The RTS does not require firms to maintain a digitised image file of the financial contract with the metadata relating to that contract.  In other words, the EBA is implementing a requirement to store metadata, but not actual data, relating to financial contracts.  This seems somewhat anomalous given (a) the absence of a specific template which would help ensure completeness and consistency in terms of metadata relating to financial contracts, and (b) the ultimate aim of the RTS which is to promote the effective and efficient application of the resolution tools and resolution powers.  In a resolution situation, one would imagine that having the ability to readily access actual contracts would be of great value to a resolution authority.  As such, it would not be surprising if many resolution authorities made this an additional data requirement and Relevant Firms should consider this when implementing solutions in this area.  At the very least, it would seem wise to maintain image files with their associated metadata if only for audit purposes and so as to be able to more easily verify the accuracy of data.

How up-to-date should data be?

Questions remain about the meaning of “maintenance”, specifically the frequency with which information must be refreshed and kept up-to-date.  The consultation paper states that information must be maintained on “an ongoing basis” and “made available to the competent authorities and resolution authorities on request”.  In a wider context, the FSB’s Key Attributes of Effective Resolution Regimes for Financial Institutionsrequires firms to have the ability to produce data within 24 hours[6] and the BRRD enables resolution authorities to suspend termination rights for only 1 Business Day.  Given that the ultimate purpose of the RTS is to promote the effective and efficient application of resolution powers, it would seem logical to conclude that, in practice, firms will be required to ensure that data from financial contracts is processed and made available within 1-2 business days of creation.  The consequential resourcing requirement is likely to be significant.

How big a challenge will this be?

The RTS attempts to maintain consistency with EMIR in terms of language and structure and there is certainly significant overlap between EMIR reporting and the RTS. Like EMIR reporting, the “detailed records” requirement encompasses economic and legal terms traditionally documented in confirmations (such as “Effective Date” and “Maturity Date” of a transaction), provisions found in framework Master Agreements (such as “Master Agreement Type”) and structured data feeds taken from trading and collateral systems (such as “Value of the contract” and “Collateral portfolio codes”).  Not only must individual trades be mapped to their master agreements, but financial contracts must also be mapped to core business lines and external taxonomies, such as corporate sectors and CFI codes[7].  A number of the required data points are dynamic in nature and will have to be periodically refreshed (e.g. date/time of last valuation).  Complicating matters yet further is the fact that some information will have to be sourced from counterparties (e.g. EMIR counterparty status), making the job of data verification yet more challenging.  The net result is a real challenge in terms of sourcing and assimilating both unstructured and structured data.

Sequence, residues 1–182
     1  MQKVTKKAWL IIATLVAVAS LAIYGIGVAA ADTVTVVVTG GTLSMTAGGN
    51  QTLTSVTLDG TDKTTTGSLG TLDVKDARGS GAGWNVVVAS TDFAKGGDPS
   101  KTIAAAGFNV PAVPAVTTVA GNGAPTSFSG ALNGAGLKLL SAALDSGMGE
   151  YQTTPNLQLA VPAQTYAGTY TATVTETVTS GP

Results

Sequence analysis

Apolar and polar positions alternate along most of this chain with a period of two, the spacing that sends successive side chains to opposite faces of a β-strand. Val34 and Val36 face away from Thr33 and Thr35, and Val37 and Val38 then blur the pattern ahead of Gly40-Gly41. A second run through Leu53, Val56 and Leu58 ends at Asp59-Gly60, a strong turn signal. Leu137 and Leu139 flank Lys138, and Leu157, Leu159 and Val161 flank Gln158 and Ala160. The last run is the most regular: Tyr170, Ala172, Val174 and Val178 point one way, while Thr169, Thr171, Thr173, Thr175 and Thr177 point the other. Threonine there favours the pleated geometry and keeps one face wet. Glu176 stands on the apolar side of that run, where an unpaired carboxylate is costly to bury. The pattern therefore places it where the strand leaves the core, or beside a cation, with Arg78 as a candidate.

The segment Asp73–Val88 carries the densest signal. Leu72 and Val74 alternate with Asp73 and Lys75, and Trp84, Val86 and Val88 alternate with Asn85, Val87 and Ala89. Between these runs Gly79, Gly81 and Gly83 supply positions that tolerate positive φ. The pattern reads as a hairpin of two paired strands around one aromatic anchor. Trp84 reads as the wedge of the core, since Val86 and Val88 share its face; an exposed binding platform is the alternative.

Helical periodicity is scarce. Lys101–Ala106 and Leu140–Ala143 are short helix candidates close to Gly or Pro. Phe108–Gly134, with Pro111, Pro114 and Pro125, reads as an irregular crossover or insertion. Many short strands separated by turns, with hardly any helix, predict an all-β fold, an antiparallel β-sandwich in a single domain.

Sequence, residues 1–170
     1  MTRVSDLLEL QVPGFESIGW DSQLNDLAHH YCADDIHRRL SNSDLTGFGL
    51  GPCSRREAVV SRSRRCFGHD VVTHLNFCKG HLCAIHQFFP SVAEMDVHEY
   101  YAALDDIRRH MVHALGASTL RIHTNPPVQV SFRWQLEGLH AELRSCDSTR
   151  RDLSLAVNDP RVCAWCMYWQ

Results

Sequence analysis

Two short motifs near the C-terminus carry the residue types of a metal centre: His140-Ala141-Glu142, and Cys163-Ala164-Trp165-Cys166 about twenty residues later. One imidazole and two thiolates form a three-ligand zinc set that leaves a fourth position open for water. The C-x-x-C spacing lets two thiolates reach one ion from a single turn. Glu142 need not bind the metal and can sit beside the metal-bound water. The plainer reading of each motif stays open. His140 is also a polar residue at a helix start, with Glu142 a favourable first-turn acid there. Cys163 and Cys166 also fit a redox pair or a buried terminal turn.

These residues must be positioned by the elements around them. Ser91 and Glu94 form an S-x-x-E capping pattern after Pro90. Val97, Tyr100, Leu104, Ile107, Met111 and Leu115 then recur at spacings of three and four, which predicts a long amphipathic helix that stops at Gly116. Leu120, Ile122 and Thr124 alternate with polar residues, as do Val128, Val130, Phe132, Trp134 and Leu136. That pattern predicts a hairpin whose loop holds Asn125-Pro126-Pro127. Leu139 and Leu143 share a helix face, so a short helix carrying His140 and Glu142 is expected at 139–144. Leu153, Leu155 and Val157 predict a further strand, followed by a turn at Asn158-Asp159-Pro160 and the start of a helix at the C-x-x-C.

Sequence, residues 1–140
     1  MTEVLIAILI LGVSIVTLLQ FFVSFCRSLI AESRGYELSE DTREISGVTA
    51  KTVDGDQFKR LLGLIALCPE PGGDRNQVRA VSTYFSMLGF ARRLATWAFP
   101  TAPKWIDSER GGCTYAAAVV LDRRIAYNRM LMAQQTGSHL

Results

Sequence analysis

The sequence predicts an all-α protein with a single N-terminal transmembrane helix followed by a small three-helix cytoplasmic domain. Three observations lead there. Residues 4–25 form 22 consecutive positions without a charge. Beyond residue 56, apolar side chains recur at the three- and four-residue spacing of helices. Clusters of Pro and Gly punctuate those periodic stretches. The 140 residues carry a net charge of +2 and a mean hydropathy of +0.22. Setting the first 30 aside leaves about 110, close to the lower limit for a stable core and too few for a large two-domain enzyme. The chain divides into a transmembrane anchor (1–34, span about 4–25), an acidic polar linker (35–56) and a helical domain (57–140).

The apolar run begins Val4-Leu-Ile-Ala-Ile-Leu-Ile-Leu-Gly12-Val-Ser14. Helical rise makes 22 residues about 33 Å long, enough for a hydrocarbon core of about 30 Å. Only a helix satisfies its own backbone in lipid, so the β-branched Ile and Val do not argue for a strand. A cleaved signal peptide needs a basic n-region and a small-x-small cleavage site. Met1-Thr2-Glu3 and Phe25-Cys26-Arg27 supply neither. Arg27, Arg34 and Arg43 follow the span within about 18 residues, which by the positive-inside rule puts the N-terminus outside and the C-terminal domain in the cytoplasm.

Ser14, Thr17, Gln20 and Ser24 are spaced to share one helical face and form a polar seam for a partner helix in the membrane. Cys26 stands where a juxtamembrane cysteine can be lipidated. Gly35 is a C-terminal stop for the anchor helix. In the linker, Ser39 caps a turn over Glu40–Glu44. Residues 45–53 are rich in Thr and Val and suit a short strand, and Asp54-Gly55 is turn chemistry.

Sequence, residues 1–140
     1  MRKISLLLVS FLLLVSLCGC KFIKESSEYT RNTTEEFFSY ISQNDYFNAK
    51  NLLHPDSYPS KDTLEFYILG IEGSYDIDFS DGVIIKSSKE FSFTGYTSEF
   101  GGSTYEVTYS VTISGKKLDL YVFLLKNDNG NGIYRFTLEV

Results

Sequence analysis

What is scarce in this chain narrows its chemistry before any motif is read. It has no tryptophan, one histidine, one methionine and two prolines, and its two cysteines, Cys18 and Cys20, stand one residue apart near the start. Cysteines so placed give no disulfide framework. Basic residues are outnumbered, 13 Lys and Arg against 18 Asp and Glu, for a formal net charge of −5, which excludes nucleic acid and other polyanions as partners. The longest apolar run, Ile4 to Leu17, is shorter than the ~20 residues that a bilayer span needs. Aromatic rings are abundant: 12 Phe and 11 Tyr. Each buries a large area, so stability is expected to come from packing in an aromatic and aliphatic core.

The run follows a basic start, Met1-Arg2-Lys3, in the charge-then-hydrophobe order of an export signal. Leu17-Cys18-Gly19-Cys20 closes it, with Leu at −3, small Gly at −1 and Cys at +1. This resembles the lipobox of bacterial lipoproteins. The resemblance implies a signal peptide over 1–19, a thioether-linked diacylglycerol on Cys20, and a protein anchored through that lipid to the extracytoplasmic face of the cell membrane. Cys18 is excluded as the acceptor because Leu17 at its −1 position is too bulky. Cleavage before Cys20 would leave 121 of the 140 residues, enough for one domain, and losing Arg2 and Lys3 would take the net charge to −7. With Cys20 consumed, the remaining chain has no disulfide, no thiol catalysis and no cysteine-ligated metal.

However, as an exercise in data management, the RTS threatens to go far beyond the challenge posed by EMIR reporting.  By way of example, the “Contractual Recognition – Resolution” requirements presuppose that firms have already conducted extensive remediation exercises to bring portfolios of documentation into line with the new requirements through the inclusion of contractual resolution recognition clause.  They demand that, if only some of the resolution powers available under the BRRD (of which there are almost 30)[8] are recognised within a contractual recognition provision, Relevant Firms must specify precisely which of the resolution powers have been recognised.  Other requirements, such as “Type of liability/claim”, assume that firms will conduct a significant amount of analysis – both in relation to their financial contracts and their liabilities more generally – to assess whether liabilities are subject to the bail-in tool.

An additional challenge arises by virtue of what has been left unsaid by the RTS.  As an example, ostensibly at least, compliance with the “Termination Right” data point – which asks firms to indicate whether a contractual termination right is based solely on the insolvency or financial condition of the institution under resolution – would seem straightforward.  However, it will require firms to perform a significant amount of highly focused data mining.  In practice, if only for audit and data verification purposes, each contractual termination right, and all of its attendant legal vagaries, will have to be analysed in turn, irrespective of whether it is linked to insolvency or the financial condition of the institution under resolution.